Will that attention soon toward inward, back at the Samurai, Tracker, Sidekick, and RAV4? Values of models like the Samurai have remained attainable even as other classic SUVs see their price tags climb skyward, and the market for clean Trackers, Sidekicks, and RAV4s is in a similar state. Prized by their devoted fan bases but for the most part ignored by mainstream collectors, these American-market, almost-kei trucklets offer the chance to get into a cute-ute without the added step of importation.

1986 Suzuki Samurai interior overhead angle
Matt Tierney




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    I bought a Samurai new in 88 and still have it! Great little 4×4 buggy, very few bugs- carb, four wheel shifter bushing & lack of starter relay. Just found a 93 Jimny from Okinawa ex US Marine set up for off road with a 3 cylinder 660 cc turbo that purrs but have drive it like a weedeater! Lots of fun to drive

    Jeep also took a run at this market. The project was called the “JJ”. This was an offsite joint venture with the then partner Renault. My first job at Jeep was program management on this program. It was pretty much fully developed, but the partnership with the French was falling apart at the time. Also, the bosses decided we had missed the Goe/Sidekick market window. The program was mothballed in early 1990. We did build 7 fully functional prototypes with some early body innovations. “SP 7” actually ran the Rubicon trail in 1989 – All Jeeps had to run that trail back in the day. We kept a couple of the prototypes into the 2000s for reference. That is all . . . ; < )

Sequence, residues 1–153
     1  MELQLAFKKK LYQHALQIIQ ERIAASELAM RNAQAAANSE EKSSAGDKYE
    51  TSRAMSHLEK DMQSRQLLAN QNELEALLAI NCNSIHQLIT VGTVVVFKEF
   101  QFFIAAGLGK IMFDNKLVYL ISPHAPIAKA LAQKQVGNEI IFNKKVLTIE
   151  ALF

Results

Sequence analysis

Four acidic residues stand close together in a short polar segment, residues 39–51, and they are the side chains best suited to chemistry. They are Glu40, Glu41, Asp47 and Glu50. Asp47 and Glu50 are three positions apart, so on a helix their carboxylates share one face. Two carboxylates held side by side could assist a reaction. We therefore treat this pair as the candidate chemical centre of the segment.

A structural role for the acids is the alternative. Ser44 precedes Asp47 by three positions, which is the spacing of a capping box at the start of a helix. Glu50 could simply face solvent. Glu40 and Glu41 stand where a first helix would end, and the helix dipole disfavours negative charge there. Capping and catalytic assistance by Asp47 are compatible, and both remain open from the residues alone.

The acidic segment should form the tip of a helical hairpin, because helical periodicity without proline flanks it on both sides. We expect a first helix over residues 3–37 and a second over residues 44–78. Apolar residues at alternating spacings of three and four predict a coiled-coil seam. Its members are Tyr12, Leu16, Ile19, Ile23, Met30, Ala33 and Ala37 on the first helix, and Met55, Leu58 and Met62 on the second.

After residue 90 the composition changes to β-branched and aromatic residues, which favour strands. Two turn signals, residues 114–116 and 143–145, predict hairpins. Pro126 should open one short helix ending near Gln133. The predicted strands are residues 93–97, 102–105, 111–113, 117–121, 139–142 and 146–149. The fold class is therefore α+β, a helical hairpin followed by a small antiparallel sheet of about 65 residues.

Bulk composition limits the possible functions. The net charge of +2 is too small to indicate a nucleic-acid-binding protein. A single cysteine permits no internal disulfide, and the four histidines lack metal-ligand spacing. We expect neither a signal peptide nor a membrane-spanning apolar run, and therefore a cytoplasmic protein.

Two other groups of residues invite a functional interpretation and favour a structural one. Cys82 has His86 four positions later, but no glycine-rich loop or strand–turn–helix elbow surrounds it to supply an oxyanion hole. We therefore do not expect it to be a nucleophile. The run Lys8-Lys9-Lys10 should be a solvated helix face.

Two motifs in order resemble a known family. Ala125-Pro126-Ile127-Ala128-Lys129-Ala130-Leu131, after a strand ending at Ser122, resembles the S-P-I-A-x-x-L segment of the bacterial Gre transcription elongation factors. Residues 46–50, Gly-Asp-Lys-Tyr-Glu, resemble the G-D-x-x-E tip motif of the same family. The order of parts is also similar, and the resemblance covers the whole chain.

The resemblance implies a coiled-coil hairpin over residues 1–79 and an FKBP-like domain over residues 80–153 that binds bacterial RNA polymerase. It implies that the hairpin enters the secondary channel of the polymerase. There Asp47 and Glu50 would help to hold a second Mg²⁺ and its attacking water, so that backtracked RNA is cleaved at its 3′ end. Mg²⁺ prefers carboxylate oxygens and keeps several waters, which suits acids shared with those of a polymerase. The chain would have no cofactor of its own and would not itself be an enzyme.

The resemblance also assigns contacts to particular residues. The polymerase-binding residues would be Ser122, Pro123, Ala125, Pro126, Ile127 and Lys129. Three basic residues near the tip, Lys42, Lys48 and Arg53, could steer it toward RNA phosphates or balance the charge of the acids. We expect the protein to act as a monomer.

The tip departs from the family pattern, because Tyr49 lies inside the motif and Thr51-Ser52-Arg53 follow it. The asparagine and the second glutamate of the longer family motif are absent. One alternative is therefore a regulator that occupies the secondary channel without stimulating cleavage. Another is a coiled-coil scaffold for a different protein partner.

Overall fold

The JJ is such a cool, and sadly little-known project. I wish it would have made it to market. Thank you for posting about your time working on it.

    I daily-drive a ’95 Geo Tracker (2-door convertible, Manual, 4WD, 16-valve), and love it! It was cheap to buy, is seriously good on gas, is daily-livable, and is just a very fun, interesting, choice! Plus, the selection between RWD and 4WD is perfect for Canadian winters here–RWD for some fun oversteer in the snow if you want it; 4WD for serious traction needs.

    Liked this article, Benjamin. A bit of confusion though …. you said “Consumer Reports flagged the Suzuki’s propensity for rollover accidents resulting from its short wheelbase”. I thought rollover propensity resulted from a narrow track … more specifically that narrow track’s relationship to the vehicle CG. Someone is wrong here … is it Consumer Reports, you or me ?

    I am not a physicist or engineer, but I believe that I recall reading that the vehicle’s length can affect the likelihood of rollover. That is definitely true of a three-wheel vehicle, and thinking about it, seems likely true for a 4-wheeled one, also. Track, length, and CG are seemingly the three main variables. Of course, traction (due to tires or road surface) can have an effect, as can modern rollover-mitigation electronics.